Business analysts have been predicting some rapid growth in the 3D printing industry for several months now, and for the most part sales trends this year have been giving those predictions a lot of weight. According to the technology research and advisory firm Gartner Inc.,worldwide 3D printer shipments are expected to exceed 496,475 units by the end of 2016. That is an increase of 103% over the predicted 244,533 units that are expected to be shipped by the end of 2015. According to a new forecast report from Gartner, they expect 3D printer sales to more than double every year until 2019 when they predict worldwide shipments will climb to more than 5.6 million units.
Of the seven types of 3D printing technologies that currently dominate the 3D printer market it is little surprise that the leading process will remain material extrusion or FDM 3D printers for the foreseeable future. In 2015, FDM 3D printers are expected to account for a whopping 232,336 of the 244,533 units expected to be sold this year. By 2019 that number is expected to jump up to 5,527,493 units, a massive 97.5% of all printers sold. That number is mostly due to a massive and unexpected uptick in sales for low cost, entry-level 3D printers being sold to homes and small businesses.
Gartner specifically notes that 3D printer prices will be playing an ever increasing role in which units are purchased by new or inexperienced users. As you would expect, sub-$1,000 3D printers and 3D printers priced between $1,001 and $2,500 remain the two most popular price points in the market. Currently, units costing less than $1,000 make up about 25.5% of all 3D printers sold at those two prices points combined. However, by 2019 sub-$1,000 3D printers are expected to make up 40.7% of units sold for all printers under $2,500.
“Rapid quality and performance innovations across all 3D printer technologies are driving both enterprise and consumer demand, with unit shipment growth rates for 3D printers increasing significantly. The 3D printer market is continuing its transformation from a niche market to broad-based, global market of enterprises and consumers,” said Gartner research vice president Pete Basiliere.
While we’ve seen several new 3D printing processes being adapted to the desktop market, clearly extrusion driven 3D printers are going to be the industry standard for the next few years. Because 3D printers priced below $2,500 are almost all extrusion driven 3D printers, it is clear cost is an important factor in that dominance. However it is likely that material cost will be playing a significant role in those sales as well. Especially as filament prices continue to drop as an increasing number of manufacturers vie for market dominance and develop a greater number of specialty materials.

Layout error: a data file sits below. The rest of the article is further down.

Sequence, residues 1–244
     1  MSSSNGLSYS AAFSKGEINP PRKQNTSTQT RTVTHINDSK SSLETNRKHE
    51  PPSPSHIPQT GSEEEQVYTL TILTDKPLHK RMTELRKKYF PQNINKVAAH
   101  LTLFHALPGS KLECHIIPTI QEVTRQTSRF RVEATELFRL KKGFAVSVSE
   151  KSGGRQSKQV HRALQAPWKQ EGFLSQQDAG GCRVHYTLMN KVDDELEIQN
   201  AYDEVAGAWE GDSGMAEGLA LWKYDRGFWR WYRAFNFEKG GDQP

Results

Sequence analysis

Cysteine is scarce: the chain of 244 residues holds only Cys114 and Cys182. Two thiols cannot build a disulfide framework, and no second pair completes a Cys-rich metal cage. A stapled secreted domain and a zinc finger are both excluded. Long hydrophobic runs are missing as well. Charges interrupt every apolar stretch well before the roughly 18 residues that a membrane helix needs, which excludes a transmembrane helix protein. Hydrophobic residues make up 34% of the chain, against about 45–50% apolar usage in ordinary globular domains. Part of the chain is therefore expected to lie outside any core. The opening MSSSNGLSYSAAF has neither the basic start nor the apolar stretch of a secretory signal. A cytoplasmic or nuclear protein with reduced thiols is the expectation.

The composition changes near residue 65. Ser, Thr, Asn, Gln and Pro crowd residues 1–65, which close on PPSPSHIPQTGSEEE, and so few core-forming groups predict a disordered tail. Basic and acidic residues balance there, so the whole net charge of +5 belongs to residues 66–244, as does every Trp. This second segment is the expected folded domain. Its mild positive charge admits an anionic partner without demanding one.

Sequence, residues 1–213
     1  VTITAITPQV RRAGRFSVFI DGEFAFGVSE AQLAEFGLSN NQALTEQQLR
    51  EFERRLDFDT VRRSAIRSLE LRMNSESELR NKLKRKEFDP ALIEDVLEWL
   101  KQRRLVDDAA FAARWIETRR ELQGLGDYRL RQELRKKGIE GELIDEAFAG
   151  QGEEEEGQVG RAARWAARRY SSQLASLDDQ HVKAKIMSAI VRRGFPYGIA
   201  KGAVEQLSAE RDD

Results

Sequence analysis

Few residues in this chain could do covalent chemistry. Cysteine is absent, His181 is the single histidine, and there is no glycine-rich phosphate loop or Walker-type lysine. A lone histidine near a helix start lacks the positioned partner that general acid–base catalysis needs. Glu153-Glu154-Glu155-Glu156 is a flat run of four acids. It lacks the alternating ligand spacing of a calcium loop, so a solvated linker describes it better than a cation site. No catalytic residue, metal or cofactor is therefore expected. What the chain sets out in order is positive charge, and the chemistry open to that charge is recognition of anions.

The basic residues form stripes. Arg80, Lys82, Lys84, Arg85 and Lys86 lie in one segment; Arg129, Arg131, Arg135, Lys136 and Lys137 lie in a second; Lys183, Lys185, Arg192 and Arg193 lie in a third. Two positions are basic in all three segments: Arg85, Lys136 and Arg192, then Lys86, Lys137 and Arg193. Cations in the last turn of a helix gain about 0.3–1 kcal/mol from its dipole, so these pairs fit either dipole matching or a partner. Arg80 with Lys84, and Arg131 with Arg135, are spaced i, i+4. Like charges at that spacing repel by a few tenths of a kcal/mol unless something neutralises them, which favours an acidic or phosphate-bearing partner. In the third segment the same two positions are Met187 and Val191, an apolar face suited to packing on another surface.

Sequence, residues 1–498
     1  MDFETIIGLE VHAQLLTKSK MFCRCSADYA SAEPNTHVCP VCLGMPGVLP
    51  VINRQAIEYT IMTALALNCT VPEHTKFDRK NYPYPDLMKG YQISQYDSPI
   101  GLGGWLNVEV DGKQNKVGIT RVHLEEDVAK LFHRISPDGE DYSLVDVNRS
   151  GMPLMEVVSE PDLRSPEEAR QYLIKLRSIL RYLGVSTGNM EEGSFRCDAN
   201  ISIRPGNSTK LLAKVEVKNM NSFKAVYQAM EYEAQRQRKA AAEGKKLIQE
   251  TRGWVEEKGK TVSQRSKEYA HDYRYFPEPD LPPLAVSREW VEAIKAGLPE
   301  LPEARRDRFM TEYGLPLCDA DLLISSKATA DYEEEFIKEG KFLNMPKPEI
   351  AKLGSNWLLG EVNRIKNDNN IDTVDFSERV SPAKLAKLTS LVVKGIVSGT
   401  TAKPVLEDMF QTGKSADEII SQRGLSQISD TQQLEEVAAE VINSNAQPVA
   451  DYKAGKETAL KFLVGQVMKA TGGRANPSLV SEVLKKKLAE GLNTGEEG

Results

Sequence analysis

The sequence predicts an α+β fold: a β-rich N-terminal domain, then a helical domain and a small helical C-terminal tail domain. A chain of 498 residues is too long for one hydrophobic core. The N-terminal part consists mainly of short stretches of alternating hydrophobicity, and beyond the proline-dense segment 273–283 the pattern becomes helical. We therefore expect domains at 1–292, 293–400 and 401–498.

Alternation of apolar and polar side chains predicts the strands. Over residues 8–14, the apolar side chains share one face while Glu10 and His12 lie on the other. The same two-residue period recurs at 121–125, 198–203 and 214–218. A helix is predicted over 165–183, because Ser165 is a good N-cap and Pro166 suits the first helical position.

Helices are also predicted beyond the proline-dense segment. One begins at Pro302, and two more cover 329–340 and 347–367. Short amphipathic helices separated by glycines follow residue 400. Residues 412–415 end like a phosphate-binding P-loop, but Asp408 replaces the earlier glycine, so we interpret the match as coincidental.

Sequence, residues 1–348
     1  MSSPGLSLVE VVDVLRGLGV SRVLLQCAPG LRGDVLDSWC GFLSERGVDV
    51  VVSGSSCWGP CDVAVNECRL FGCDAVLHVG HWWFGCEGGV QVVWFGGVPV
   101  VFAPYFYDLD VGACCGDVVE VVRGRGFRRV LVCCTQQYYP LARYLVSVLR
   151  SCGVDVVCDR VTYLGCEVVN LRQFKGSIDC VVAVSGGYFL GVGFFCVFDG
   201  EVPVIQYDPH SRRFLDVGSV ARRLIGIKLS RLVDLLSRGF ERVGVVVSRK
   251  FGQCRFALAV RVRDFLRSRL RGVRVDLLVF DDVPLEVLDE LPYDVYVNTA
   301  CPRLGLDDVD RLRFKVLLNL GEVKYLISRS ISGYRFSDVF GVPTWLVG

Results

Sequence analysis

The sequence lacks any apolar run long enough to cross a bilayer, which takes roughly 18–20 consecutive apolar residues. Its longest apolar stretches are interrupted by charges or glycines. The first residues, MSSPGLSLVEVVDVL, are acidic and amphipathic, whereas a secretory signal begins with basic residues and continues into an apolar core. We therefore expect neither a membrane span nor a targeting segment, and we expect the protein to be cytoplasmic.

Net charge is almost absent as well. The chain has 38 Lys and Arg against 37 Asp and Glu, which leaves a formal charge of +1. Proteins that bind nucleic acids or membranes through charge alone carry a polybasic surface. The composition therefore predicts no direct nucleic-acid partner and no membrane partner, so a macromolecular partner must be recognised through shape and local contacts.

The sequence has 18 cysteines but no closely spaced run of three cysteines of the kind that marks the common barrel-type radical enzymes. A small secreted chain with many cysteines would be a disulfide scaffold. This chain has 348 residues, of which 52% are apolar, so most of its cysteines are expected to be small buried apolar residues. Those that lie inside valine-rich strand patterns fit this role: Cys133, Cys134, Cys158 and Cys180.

While sales to makers and the hobbyist market are expected to remain strong, the primary reason for the huge jump in sales of 3D printers priced under $2,500 is expected to be purchases made by schools and universities. The low buy-in cost and ease of use make them particularly attractive for educational uses. Just as the growing ability of FDM 3D printers to produce finished-piece quality objects and a more varied range of filament types will drive an increase in small businesses opting to purchase lower cost alternatives.
“Enterprise 3D printers can not only prototype new products and produce tools and fixtures that are used to make other items, but also print high-quality, short-run finished goods. This multifaceted ability is driving their growth worldwide,” continued Basiliere.
Currently the most expensive 3D printing process is directed-energy deposition printers like electron beam melting (EMB) printers, which are used primarily for industrial and aerospace applications. After metal 3D printing, powder bed fusion 3D printing processes like selective laser sintering (SLS) or selective laser melting carry the second most expensive price tags. Price points in these areas are expected to remain relatively unchanged for the next few years, which will price them well beyond reach of the desktop market.
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